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25 March 2020
Real estate, property and tenancy law changes commence
Significant changes to residential tenancy and real estate and property laws have now started in NSW, following the commencement of major legislative reforms on 23 March 2020.
The changes introduce new rules of conduct and a restructured licensing system for agents working in the industry. The residential tenancy changes aim to improve the renting experience and clarify the rights and obligations of tenants and landlords.
The changes aim to reduce disputes over repairs and maintenance, increase protections and certainty for tenants, clarify the rights and obligations of tenants and landlords and improve transparency between these two parties.
Key changes include:
- NSW landlords must ensure their rental property meets 7 minimum standards to be ‘fit for habitation’
- new and improved disclosure obligations on landlords and their agents, including disclosure of material facts, and strengthening the remedies for tenants when these obligations aren’t met
- landlords must ensure that smoke alarms are in working order. A penalty will apply for landlords who don’t comply
- making it easier for tenants to install fixtures or make alterations, additions or renovations that are minor
- mandatory set fees when a tenant breaks their lease will apply to all new fixed-term agreements that are 3 years or less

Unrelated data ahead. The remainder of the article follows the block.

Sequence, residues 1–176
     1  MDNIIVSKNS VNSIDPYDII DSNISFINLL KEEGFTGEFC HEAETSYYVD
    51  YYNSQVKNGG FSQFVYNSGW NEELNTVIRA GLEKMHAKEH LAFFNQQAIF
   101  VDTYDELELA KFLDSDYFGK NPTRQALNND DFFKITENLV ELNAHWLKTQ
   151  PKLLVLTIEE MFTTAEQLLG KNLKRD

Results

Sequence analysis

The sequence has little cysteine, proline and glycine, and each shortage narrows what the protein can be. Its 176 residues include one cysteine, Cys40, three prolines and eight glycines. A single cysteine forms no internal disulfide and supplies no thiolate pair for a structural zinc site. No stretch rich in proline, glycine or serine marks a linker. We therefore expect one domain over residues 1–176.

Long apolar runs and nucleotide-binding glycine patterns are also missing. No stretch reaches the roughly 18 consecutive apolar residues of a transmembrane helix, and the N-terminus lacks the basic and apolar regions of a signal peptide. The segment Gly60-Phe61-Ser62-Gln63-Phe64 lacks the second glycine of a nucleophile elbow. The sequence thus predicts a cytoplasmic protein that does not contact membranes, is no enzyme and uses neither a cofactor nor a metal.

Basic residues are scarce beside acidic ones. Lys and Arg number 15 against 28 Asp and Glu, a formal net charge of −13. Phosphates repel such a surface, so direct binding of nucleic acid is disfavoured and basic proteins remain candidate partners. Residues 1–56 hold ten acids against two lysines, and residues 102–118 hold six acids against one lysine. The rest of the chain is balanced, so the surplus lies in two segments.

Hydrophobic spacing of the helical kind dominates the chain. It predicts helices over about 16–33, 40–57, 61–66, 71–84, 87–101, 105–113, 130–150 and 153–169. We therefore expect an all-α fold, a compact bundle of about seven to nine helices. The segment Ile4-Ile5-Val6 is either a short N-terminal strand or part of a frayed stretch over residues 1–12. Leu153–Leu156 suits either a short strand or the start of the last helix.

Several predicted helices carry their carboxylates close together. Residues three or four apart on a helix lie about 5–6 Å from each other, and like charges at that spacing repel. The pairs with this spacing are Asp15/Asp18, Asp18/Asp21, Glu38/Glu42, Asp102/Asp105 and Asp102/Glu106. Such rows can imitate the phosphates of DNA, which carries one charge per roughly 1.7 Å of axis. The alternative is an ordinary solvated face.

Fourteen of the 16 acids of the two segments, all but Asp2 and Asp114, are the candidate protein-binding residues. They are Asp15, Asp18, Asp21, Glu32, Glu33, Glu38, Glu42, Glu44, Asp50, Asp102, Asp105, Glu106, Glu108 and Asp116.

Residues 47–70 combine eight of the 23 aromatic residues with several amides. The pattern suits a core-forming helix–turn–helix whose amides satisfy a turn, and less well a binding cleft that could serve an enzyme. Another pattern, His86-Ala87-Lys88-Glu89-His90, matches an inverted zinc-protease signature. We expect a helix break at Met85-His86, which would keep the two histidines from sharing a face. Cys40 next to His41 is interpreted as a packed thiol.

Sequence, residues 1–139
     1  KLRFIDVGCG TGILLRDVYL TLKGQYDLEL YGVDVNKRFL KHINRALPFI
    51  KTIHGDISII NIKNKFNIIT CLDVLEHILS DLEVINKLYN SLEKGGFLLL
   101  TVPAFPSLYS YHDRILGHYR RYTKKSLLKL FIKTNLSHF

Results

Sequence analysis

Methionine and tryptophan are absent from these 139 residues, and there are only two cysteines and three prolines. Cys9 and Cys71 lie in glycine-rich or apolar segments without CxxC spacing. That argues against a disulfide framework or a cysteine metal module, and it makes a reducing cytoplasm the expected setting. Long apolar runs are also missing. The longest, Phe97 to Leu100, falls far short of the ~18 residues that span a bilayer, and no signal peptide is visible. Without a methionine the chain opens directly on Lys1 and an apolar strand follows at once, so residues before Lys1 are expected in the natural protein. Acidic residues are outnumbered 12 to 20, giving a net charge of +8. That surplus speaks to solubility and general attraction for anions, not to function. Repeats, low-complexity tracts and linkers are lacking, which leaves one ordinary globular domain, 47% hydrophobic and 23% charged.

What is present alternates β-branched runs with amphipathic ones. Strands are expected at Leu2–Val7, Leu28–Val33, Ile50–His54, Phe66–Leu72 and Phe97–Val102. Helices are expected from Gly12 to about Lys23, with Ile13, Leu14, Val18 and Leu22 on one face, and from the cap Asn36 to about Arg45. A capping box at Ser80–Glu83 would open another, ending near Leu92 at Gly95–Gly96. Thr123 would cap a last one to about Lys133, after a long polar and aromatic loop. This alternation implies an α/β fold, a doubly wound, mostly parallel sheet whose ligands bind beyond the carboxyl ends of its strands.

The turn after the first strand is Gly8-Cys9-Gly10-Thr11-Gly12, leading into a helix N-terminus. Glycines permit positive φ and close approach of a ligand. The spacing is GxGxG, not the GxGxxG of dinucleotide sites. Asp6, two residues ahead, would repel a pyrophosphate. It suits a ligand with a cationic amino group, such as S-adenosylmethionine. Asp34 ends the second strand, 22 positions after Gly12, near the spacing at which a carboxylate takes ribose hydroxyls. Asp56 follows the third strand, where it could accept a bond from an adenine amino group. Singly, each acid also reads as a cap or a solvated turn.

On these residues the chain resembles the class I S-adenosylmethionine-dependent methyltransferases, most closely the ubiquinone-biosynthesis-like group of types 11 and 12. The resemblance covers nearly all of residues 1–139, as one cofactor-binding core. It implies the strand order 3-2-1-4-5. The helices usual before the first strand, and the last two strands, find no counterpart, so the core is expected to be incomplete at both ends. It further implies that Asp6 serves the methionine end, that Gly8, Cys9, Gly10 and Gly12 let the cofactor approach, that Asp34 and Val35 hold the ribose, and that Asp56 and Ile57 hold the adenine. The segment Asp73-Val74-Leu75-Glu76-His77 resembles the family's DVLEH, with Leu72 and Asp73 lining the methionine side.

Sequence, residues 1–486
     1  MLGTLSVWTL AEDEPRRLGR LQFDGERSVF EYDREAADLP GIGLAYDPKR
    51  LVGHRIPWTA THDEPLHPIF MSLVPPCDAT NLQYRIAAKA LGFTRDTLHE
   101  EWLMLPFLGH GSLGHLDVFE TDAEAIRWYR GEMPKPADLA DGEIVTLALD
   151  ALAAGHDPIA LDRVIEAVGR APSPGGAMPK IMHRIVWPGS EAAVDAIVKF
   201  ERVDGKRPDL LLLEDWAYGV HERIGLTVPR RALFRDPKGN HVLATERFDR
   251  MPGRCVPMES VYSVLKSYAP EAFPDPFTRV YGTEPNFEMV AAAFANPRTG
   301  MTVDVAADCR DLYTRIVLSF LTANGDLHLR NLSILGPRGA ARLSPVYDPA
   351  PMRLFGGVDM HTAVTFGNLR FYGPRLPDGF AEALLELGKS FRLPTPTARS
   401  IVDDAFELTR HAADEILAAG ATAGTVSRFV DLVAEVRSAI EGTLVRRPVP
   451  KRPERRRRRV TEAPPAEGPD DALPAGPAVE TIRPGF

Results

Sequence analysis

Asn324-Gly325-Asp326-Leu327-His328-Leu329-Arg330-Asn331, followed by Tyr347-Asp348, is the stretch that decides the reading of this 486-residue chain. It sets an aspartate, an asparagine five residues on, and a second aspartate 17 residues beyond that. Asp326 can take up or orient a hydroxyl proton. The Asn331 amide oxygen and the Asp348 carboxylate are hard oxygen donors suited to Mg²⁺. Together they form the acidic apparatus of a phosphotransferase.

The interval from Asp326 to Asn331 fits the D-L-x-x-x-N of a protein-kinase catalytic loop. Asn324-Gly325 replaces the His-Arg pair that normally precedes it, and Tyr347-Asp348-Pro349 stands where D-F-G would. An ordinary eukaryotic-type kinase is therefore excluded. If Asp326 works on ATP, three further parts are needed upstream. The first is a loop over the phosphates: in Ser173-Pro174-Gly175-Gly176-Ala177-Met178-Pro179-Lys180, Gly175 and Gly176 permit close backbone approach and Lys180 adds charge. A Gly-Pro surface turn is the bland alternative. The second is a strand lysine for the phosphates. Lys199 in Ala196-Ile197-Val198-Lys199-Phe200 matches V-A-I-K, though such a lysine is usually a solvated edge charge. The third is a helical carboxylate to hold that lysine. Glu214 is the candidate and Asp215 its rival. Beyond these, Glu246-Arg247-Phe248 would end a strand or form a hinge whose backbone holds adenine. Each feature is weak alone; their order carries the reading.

- limiting rent increases to once every 12 months for periodic (continuing) leases
- new powers for NSW Fair Trading to resolve disputes between tenants and landlords. This includes powers to investigate and issue rectification orders to require landlords to carry out repairs and maintenance, or tenants to fix damage.
Further information is available on the new residential tenancy laws reforms page.
Real estate and property changes
The real estate and property law changes aim to improve training standards and professionalism in the real estate and property sector. Licence types have been reduced to just three simple categories: real estate, stock and station, and strata management, and the rules of conduct that apply to agents have been extended.
The reforms also:
- clarify agents’ permitted functions according to the licence or certificate of registration they hold
- improve disclosure obligations
- enhance qualification and Continuing Professional Development (CPD) requirements
- improve accountability by requiring businesses to nominate a single licensee in charge for each part of the business, responsible for supervision and trust account management
- minimise conflicts of interest by setting a maximum dollar value of gifts and benefits, and
- establish separate trust accounts for rental and sales money.
The changes have been developed following extensive consultation with key stakeholders, including tenants, landlords, real estate agents, stock and station agents, strata managing agents, on-site residential property managers, business agents and other experts in the field.
Further information is available on the recent property reforms page.